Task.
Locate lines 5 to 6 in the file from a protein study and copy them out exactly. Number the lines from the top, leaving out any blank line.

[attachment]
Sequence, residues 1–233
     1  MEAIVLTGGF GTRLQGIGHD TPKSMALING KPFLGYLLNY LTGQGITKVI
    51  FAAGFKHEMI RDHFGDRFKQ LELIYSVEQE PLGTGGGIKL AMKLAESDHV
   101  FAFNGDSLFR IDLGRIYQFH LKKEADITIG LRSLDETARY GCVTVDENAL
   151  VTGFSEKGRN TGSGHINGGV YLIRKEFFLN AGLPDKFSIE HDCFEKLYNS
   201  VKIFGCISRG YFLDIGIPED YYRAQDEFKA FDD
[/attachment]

   151  VTGFSEKGRN TGSGHINGGV YLIRKEFFLN AGLPDKFSIE HDCFEKLYNS
   201  VKIFGCISRG YFLDIGIPED YYRAQDEFKA FDD